The travel industry may be saved by a new technology that could transform air travel, writes PAT PILCHER.
Nowadays, you can’t pick up a newspaper without the travel section headlines screaming: “Doom and gloom for travel in a post-Covid-19 world!” But that’s a big call given the unpredictability and complexities involved in international travel, and amidst this doom and gloom, there is a small ray of light that could transform air travel.
Jets burn aviation fuel, which costs a small fortune. As you’d expect, av-gas makes up the lion’s share of air travel costs. Aviation fuel is also flammable, and combusting it is a greenhouse gas contributor. Combustion byproducts are also linked to respiratory illness and other health issues.
As aviation fuel is costly and the margins slim, airlines have resorted to cramming travellers into planes like sardines. Only a wealthy few who can afford business class get to enjoy any measure of comfort while stuck on a plane for 20+ hours. This is the reality for most Kiwis. Being located at the arse end of the earth, travelling most places takes a very long time. Spending hours with your knees up around your ears can soon become uncomfortable.
This could change thanks to a breakthrough at the (wait for it!) Institute of Technological Sciences at Wuhan University (boom-boom!)
Researchers have developed a prototype engine that uses microwave energy for jet propulsion. Because no fuel is burnt as in a traditional jet engine, there’s little to no greenhouse gas emissions.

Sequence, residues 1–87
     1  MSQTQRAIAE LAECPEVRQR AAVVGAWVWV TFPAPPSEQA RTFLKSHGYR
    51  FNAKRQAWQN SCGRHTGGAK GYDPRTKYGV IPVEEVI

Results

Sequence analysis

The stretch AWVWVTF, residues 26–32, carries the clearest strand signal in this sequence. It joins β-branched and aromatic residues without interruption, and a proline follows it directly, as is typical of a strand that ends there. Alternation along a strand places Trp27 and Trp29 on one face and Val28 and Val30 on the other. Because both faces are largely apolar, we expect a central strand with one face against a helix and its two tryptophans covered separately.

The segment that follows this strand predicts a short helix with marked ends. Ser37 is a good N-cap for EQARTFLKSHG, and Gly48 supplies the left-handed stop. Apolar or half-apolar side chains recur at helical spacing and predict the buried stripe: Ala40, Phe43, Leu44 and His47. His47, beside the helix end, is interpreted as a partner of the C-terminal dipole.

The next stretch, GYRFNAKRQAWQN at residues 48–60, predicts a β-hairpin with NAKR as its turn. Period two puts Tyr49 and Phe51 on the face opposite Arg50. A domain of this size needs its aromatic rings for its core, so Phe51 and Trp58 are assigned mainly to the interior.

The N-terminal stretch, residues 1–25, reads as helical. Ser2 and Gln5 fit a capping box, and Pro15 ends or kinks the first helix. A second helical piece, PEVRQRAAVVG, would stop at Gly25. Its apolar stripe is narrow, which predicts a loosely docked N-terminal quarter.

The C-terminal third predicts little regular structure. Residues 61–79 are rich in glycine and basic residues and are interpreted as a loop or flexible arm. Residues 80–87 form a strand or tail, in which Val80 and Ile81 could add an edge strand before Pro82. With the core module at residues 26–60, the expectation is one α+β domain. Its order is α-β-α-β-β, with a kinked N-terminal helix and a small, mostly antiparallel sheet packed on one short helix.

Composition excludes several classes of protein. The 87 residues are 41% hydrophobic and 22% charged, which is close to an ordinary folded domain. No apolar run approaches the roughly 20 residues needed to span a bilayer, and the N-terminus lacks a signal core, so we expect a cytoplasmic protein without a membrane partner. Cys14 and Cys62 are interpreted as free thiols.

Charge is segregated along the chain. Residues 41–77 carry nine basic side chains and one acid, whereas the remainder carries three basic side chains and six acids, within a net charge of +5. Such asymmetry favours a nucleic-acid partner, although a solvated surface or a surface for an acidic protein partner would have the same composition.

The engine uses plasma. It’s the fourth state of matter. The researchers have created a plasma jet that works by compressing air and ionising it. The upside is that the plasma thruster creates a thrust using air and electricity. In theory, this should be both more affordable and cleaner than old-school jets.
Plasma ion thrusters are nothing new. They’ve been in use in probes and satellites for some years. A few years back I wrote that MIT had created a model plane powered using ion propulsion. Until now, ion propulsion had a critical limitation – they’ve lacked the power to be a jet engine replacement on a commercial plane.
Not any more.
The Wuhan University device has lifted a 1-kilogram steel ball over a 24-millimetre diameter quartz tube. If it gets scaled up, the researchers say its thrust should be comparable to jet engines used on planes. They also say that by incorporating an array of these thrusters into planes, their prototype could power an airliner.
While some fuel will be needed to generate the electricity to create plasma, fuel costs should be far less than with a conventional jet. This could lead to a reduction in the cost of air travel, allowing Airbus and Boeing to re-engineer planes for greater long-haul comfort. Business-class for everyone? Somehow I doubt it, even if the tech sounds interesting.
More information on the Wuhan University Ion Propulsion System can be found here.